Wednesday, 6 May 2009

Pallid Swift at Seaforth

Not that rare...not rare enough to warrant a mega alert on Birdguides. But if Roller gets mega'd why wouldnt Pallid Swift. Its more difficult than Roller. Oh but it looks crap I hear you say. Well I quite like em - i did in Spain last year and now im pleased to say I really liked the long staying individual at Seaforth/Crosby. Its the subtle ID challenge to seperate it from its common or garden cousin. That and the fact that Swifts in general are ace. Sadly no photos of the bird but I did get one of the Little Gull at Crosby Marine Park. Its great - you can tell its white and everything. Sadly you cant tell whether its a bird or plastic bag but you cant have everything.

As for the Swift - I arrived at 11.10, a slow journey over due to poor weather over the pennines. The first few Swifts were commons as were the next few but after 20 minutes the mass of birds crossed the lake and headed over Seaforth. The Pallid then swept back and forward I the assembled group got a handle on it. It gave the lucky permit holders in Seaforth a pointblank flypast. It then blogged about and flew back over toward Crosby. It repeated this cycle 3 times in the 90 or so minutes I was there and the final time performed a stalling flight over the fenceline directly above our heads at point blank range - I wasnt jealous anymore. Scales noted to go with the previous views of the pale panel to the secondaries, the coffee brown base colour and the larger white throat which was obvious far more often than on Commons and was the best method for picking it across the lake. The broken primary twisted as the bird stalled. Flight seemed generally less energetic than the Common Swifts and the bird felt larger bodied but it was hard to quantify. As for wing depth, I found it hard to notice any difference in the wing morphology in flight. Very chuffed all said and a very tricky bird to get. OML!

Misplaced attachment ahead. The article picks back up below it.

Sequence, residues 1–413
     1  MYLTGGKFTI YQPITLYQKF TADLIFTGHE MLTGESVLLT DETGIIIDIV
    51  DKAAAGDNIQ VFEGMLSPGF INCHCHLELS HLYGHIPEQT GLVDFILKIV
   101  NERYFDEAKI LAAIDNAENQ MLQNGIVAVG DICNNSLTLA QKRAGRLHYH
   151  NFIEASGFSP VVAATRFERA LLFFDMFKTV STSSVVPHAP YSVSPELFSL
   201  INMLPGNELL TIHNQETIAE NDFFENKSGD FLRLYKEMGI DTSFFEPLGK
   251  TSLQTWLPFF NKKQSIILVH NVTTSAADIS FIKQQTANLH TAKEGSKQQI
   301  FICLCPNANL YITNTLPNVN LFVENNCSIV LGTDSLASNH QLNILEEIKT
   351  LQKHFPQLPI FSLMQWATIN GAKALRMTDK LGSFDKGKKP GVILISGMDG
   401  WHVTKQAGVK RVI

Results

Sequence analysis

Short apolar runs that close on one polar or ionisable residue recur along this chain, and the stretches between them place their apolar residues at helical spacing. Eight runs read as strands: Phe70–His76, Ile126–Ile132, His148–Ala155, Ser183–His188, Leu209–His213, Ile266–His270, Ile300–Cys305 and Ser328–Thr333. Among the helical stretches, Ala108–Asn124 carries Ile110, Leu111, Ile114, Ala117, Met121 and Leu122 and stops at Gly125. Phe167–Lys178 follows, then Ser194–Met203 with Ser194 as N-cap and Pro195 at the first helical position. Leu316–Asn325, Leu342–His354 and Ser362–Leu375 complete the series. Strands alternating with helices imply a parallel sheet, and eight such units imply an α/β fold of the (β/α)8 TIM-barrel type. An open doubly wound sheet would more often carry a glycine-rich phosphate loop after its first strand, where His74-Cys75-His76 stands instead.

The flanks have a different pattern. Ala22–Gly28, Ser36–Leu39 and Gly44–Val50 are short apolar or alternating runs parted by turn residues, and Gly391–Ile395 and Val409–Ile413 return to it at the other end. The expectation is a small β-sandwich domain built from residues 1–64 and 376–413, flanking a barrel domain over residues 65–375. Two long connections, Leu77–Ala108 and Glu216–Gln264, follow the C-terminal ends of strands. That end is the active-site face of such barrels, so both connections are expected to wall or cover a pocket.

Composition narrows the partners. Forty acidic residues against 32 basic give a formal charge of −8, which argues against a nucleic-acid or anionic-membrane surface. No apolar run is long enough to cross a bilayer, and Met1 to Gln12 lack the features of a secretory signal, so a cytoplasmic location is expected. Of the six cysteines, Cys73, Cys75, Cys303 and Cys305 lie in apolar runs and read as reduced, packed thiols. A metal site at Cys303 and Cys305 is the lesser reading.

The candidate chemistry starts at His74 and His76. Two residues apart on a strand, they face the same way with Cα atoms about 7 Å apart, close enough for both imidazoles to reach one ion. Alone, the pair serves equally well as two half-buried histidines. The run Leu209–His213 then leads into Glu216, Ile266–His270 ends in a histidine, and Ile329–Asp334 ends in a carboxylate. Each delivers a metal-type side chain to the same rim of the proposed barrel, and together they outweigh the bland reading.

Fiona Barclay said...

It's true: our "rareometer" is a bit arbitrary sometimes. I think we might have downgraded Pallid Swift the other year when there were dozens of the blighters floating around.

James said...

Rather than the rareness its the difficulty although I can understand why thats the case just a have to be there thing I guess.

How birds and brains become mutually exclusive

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